Resistance Fighters and Collaborators

Which would you be?

If your city or country fell into enemy hands, what would you choose?

Painting courtesy of HikingArtist.com

Painting courtesy of HikingArtist.com

* Would you lie low, keep a low profile and stay out of trouble?

* Would you escape to another city or country?

* Would you go along to get along, looking for ways to benefit from the new status quo?

*Or would you rebel, join the resistance and struggle to win your country or city back?

And what if you were a teacher, a writer or a poet?  Would that further complicate your decision? Would you have a special responsibility to your students and readers to uphold patriotism and morality?

Shanghai, China—1937-1945

Passivity...Those were the questions writers in Shanghai had to confront after their city fell to the Japanese on November 12, 1937. Even those who lived in the foreign areas (which were not under direct Japanese control until December 8, 1941) had to worry about underground Nationalist agents and the Japanese secret service. Poshek Fu wrote a fascinating and well researched book about the dilemma these writers faced: Passivity, Resistance, and Collaboration: Intellectual Choices in Occupied Shanghai, 1937-1945 published by Stanford University Press.

The trouble with being a writer under occupation is that everything you write, whether political or not, can be interpreted as either giving in or resisting. The writer is either encouraging his readers to give up hope or he’s inciting them to rebellion—in which case he could be arrested, tortured or even executed.

Writers who also teach never know which of their students will repeat or misrepresent their words and to whom.

The men Poshek Fu discusses had families to protect, and they weren’t always healthy. Their newspapers and journals were censored and shut down. Agonizing over their choices and wrestling with feelings of guilt at not living up to their patriotic ideals, they struggled to survive, to keep their families safe and to find a way to write. They wrote in Shanghai’s foreign-published newspapers and for modern theater productions, including short “resistance plays” that were performed on the street. Or, avoiding politics altogether, they wrote about beauty and personal morality.

Collaborators

After the fact, we brand collaborators as villains, and maybe that’s how they deserve to be remembered. But I wonder what it must have been like for the Chinese, not knowing how things would turn out. The Japanese had won too many battles. Wasn’t it reasonable for them to believe their enemy would conquer all of China and rule it into the foreseeable future? Before Pearl Harbor, they had no way of knowing that the United States would enter the war and that the Japanese would be defeated in 1945.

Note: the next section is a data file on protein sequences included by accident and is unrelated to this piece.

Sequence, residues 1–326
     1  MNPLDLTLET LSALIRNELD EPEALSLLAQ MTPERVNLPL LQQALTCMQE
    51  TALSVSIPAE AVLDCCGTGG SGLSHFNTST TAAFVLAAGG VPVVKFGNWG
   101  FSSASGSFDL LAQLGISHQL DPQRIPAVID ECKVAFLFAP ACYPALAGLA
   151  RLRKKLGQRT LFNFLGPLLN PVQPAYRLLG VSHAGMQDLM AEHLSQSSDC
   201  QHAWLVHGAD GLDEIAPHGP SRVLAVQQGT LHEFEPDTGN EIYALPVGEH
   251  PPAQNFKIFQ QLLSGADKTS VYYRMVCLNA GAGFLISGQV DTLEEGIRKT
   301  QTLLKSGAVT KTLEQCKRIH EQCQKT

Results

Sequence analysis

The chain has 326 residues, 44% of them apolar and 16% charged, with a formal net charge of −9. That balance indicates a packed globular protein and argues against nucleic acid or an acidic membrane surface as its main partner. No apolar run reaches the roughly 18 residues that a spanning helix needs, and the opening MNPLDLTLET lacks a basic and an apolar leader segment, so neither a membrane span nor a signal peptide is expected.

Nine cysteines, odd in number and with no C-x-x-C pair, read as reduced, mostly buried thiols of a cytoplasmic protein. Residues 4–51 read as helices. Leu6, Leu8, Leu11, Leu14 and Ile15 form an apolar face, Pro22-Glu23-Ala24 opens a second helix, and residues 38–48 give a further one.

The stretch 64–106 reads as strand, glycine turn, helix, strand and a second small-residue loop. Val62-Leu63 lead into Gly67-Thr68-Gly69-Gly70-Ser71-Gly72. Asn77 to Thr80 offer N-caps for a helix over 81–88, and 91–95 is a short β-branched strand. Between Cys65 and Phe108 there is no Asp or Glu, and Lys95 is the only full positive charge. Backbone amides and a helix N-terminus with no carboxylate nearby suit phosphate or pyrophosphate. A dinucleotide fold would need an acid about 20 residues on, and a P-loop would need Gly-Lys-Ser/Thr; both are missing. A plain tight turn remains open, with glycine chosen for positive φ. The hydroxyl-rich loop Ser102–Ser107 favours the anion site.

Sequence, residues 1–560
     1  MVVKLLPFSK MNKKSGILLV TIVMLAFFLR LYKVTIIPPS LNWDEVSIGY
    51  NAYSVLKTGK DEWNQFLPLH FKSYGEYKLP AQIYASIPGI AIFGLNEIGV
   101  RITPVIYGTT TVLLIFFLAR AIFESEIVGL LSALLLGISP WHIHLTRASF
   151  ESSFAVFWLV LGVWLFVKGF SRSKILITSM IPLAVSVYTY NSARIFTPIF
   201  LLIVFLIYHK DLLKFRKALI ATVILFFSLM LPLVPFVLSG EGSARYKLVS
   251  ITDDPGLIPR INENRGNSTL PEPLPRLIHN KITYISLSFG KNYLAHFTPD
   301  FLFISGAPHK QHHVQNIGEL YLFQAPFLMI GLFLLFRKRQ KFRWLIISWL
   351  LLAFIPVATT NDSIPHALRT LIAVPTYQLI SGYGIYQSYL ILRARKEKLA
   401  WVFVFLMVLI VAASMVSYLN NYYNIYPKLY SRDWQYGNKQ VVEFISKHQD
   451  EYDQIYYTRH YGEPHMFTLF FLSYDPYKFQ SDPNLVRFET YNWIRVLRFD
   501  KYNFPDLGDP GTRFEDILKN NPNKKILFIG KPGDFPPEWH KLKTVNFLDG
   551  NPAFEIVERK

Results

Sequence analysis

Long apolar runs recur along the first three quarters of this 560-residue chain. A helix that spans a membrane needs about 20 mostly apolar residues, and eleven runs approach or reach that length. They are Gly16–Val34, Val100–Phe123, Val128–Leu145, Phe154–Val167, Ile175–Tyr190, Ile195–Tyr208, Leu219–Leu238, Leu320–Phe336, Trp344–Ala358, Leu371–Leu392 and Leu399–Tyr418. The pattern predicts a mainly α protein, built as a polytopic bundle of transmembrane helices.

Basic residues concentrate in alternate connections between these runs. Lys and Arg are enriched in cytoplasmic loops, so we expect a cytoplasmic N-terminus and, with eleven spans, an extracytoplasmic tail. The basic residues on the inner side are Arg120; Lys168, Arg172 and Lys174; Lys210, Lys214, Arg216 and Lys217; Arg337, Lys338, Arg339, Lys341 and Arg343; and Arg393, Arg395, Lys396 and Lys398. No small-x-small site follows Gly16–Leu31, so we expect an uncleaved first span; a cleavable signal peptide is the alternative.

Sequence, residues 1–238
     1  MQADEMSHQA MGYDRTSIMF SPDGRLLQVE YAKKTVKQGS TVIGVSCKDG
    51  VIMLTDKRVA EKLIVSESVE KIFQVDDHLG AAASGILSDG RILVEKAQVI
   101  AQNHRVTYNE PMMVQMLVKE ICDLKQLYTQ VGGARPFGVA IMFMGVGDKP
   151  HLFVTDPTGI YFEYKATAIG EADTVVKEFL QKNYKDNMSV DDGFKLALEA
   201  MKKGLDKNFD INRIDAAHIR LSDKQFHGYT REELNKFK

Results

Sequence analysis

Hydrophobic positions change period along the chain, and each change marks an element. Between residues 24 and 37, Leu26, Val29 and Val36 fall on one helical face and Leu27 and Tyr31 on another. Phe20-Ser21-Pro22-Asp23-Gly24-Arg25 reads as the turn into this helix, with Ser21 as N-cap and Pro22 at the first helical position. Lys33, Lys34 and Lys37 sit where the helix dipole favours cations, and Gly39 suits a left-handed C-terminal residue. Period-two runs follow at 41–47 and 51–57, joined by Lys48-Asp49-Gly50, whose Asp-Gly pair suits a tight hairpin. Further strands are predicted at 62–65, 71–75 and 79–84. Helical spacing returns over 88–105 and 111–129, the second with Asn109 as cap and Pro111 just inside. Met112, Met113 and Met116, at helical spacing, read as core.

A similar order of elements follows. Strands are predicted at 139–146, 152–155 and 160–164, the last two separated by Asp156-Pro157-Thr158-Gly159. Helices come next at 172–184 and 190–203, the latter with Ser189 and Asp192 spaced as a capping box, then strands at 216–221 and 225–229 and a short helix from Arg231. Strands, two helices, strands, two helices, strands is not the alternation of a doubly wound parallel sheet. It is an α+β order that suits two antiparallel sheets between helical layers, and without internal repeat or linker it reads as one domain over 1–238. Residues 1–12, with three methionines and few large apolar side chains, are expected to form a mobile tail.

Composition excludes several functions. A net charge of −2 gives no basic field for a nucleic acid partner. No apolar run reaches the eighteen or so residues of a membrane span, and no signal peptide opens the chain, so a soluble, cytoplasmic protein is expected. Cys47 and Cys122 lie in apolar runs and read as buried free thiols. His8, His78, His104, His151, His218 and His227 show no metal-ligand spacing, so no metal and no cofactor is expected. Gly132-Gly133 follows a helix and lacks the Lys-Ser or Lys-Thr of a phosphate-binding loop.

When does resistance become irrational and collaboration with the new rulers become sensible?

An example that comes to mind is Alto California (California, Nevada, Arizona, Utah, western Colorado and southwestern Wyoming). It hasn’t belonged to Mexico since 1848. Maybe it never will again. At some point, for most people, resistance stopped and “collaboration” began.

Writers on Gulangyu

Gulangyu, foggy 001The setting for my novel, Tiger Tail Soup, is Kulangsu (now called Gulanyu), a small island located 678 miles south of Shanghai. It wasn’t the literary and intellectual center that Shanghai was. But it had teachers and, presumably, a number of writers. When the Japanese invaded and occupied their island, they, too, had to choose whether to flee or to resist, collaborate or remain passive.

What would you do?

What do you think your husband/wife, sister or brother would do?

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About Nicki Chen

About Nicki Chen
Nicki Chen is a writer living in Edmonds, WA. Her first novel, Tiger Tail Soup, is set in China during the Japanese invasion and occupation, 1937-1945. She’s working on a second novel set in Vanuatu, a South Pacific nation where she and her late husband lived in the early ’90s.

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13 comments


  1. Joani Harr

    What a fascinating question you raise. This is a good example of not judging someone until you have walked a mile in their moccasins?




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    • Here in the United States most of us have never “walked a mile in (the) moccasins” of those whose country has been occupied by the enemy. It’s hard to imagine what they went through and the choices they struggled with. Your comment, Joani, brings to mind the situation of Native Americans.




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  2. Yes, I’ve often thought about this dilemma – tried to imagine if I’d been French or Dutch or Norwegian, Danish, so many of those countries occupied by Hitler… and how by resisting you put your family in danger, as the Nazis always punished the families too…
    Starvation for your children, or collaborating with the enemy? What a choice – and that was often the choice in occupied France…What is bravery in these circumstances….a huge subject….




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    • Reading Poshek Fu’s book, I was struck by the added burden Shanghai’s writers felt. Like everyone else, they wanted to stay alive and protect their families. But they also knew that people were counting on them to “beat wardrums from the side lines” and keep alive the spirit of resistance. At the same time, the occupying force was watching them. Everyone on both sides recognized the power of words and ideas, something you demonstrate so well, Valerie, in your writing.